Experience, wisdom passed on through ethical wills

| Beth Blair | September 4, 2015 | 0 Comments
Bill Marsella

Bill Marsella

The topic of death isn’t something most people care to think about or discuss, but planning what will happen after the inevitable occurs is necessary for a variety of reasons.

The legal research corporation LexisNexis reports that more than 55 percent of American adults are without a will or estate plan — tools that could help put people’s minds at ease and make the transition easier for loved ones upon a death in the family. What some people might not realize is planning for after death means more than simply assigning or granting property, financial accounts and family heirlooms.

Today, adults are taking it a step further by creating an ethical will, also called a legacy letter. Bill Marsella, director of partner relations at Catholic Community Foundation in St. Paul, has been in professional fundraising for 38 years and first became familiar with the concept of an ethical will about 15 years ago.

“I’ve written my own ethical will to my five children and many grandchildren 10 years ago and began to see the value of using this concept in my work as a professional fundraiser at about the same time,” he said.

Ethical wills aren’t a new trend.

“The concept of an ethical will goes back in biblical times 3,000 years, to the prophet Jacob, who called his 12 sons to his deathbed to ‘leave them his prophecies’. It is simply a vehicle by which you leave your values, your wisdom and your love to future generations in written form,” Marsella explained. “It is not a legal instrument like a formal will and estate plan, but something that can accompany a legal will when given to descendants or loved ones.”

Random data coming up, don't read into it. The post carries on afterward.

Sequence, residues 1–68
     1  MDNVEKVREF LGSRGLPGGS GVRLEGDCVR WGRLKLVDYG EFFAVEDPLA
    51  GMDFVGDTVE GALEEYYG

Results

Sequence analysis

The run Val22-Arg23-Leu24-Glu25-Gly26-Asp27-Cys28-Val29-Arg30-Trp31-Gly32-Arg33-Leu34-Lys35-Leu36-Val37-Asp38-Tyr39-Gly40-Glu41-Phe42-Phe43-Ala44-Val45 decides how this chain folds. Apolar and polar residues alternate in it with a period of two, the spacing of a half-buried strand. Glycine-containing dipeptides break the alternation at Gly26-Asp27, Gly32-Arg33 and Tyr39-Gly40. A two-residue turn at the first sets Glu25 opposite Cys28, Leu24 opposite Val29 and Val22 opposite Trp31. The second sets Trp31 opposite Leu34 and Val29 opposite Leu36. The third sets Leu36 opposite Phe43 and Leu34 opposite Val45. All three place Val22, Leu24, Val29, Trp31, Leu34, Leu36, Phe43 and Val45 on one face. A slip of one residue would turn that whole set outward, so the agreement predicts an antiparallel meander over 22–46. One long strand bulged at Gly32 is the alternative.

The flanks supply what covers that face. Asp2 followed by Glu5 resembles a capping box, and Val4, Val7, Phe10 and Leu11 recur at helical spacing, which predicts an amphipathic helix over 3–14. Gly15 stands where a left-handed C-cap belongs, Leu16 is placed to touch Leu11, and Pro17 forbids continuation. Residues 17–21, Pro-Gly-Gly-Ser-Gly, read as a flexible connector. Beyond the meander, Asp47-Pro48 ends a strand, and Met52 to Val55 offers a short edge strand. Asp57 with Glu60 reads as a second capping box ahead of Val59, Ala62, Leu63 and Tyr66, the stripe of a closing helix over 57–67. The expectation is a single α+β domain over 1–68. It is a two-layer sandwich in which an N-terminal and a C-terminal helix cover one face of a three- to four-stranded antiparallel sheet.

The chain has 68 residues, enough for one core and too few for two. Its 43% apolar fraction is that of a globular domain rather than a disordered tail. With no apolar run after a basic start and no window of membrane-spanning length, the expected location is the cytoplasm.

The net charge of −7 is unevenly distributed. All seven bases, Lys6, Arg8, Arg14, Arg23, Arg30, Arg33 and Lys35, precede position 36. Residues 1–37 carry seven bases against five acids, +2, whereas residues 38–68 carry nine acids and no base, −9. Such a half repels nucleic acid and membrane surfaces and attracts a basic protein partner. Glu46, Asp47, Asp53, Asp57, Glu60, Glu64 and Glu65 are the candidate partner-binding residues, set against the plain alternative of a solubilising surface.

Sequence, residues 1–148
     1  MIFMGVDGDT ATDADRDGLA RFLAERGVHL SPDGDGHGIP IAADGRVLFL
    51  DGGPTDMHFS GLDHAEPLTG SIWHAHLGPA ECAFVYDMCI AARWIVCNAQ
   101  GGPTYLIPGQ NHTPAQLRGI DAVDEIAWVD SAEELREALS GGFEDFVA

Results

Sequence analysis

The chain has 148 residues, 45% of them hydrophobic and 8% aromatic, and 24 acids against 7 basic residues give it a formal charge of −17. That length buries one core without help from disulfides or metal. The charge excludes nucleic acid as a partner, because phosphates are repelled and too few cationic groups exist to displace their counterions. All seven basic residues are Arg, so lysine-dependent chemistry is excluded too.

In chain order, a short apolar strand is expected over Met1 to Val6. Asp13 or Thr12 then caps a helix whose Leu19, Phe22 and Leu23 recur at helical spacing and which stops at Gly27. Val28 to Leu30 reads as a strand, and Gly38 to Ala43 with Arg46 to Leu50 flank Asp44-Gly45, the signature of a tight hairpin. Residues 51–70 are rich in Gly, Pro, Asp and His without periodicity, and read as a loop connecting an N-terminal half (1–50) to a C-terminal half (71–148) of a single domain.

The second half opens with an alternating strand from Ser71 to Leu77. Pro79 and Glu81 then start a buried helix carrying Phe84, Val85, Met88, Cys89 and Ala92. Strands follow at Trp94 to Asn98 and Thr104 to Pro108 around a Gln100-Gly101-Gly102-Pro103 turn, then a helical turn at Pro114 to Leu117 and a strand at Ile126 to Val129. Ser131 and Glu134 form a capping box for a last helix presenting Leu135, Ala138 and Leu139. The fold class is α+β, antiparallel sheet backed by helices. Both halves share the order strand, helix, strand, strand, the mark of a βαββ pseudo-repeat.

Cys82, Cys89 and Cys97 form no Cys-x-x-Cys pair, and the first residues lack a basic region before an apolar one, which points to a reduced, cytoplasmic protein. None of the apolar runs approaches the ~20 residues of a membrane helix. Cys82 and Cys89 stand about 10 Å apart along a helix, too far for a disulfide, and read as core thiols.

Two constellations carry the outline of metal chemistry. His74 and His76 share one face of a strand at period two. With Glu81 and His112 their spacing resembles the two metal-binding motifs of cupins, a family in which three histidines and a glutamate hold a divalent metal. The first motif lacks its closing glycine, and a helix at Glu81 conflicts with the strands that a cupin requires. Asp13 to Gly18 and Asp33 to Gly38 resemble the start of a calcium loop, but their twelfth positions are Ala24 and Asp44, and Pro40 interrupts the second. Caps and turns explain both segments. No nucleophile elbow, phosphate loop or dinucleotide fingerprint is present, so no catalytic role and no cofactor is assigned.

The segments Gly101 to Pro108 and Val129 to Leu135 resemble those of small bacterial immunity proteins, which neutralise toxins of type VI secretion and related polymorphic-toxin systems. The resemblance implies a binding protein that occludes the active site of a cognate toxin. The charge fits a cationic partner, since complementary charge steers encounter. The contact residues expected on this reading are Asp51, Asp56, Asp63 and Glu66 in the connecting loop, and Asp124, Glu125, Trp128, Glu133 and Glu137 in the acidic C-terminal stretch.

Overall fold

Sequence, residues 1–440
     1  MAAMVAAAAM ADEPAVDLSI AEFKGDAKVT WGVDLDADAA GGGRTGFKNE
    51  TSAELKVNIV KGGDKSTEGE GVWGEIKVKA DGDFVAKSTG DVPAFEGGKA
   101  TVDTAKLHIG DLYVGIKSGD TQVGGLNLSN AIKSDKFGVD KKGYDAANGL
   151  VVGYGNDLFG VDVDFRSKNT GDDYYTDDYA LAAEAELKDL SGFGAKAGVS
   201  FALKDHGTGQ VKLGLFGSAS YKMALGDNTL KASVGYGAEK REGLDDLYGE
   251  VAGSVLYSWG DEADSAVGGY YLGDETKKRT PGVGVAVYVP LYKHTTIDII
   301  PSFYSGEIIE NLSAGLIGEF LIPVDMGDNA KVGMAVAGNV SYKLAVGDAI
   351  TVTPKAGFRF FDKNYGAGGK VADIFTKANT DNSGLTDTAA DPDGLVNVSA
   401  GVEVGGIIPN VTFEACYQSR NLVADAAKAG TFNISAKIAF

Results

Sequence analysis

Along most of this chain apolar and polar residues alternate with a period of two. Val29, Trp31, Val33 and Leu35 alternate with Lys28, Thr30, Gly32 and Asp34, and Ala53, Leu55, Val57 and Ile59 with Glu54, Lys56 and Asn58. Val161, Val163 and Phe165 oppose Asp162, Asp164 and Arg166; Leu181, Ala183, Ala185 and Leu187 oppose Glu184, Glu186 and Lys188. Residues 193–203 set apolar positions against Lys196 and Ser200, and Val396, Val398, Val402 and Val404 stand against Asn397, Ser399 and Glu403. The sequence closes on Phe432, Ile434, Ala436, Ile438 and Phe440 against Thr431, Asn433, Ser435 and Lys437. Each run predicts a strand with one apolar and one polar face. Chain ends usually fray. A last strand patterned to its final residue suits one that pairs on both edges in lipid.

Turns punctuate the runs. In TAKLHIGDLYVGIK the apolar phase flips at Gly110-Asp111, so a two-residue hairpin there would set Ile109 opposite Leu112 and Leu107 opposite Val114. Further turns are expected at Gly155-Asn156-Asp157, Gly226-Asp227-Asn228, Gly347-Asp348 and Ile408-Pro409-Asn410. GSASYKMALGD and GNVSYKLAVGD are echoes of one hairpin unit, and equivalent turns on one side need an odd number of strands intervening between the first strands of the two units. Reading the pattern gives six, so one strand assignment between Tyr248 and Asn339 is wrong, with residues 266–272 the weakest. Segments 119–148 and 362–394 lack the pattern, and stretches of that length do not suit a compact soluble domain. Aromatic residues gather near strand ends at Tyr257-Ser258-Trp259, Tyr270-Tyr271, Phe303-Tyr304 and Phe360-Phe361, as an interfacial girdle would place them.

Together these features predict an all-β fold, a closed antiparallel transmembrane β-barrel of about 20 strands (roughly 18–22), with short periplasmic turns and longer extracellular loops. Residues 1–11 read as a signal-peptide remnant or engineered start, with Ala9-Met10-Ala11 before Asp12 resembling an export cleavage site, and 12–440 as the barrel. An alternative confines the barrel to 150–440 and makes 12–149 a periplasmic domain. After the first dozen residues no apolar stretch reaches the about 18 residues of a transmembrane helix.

Marsella says the process is simple and need not be rushed; it’s best done from middle age and beyond or when approaching the end of life. He suggests writing down important tidbits like beliefs, opinions and memories. He points out that it’s easier to write a living will and a will of inheritance when you know what principles you value.

Marsella has given presentations on the topic and asks attendees to reflect on the following questions before writing their ethical wills: How is the world better because I’ve lived? How would I like to be remembered? If I knew I was going to die tomorrow, what would I want to say to my loved ones? Once the answers are laid out, it’s time to put pen to paper. He says an ethical will should start with the context, tell the story and end with a blessing.

Not about money

Wealth is a non-issue when it comes to ethical wills. Marsella says anyone can write one, and people don’t need a large bank account. What you need is life experience, wisdom and love to pass on. In addition, it gives Catholics the opportunity to recall how the Church has molded their faith, Marsella says. A legacy letter can also explain the choices made in a legal will. For example, if a donor leaves a gift to their church or school, a legacy letter can explain the impact a priest, teacher or parish had on their life.

“Very often when someone writes their ethical will or a legacy letter for loved ones, they will mention values or virtues they have that were influenced by their Catholic faith or the Catholic institutions they have engaged with during their lives,” Marsella said. “I recommend the writing of ethical wills because not only are they a wonderful gift to pass on to loved ones, but they can also inform your legal will or your estate planning. Of course, the Catholic Community Foundation can play a role in helping you include the Church in your estate planning.”

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Category: Family Finances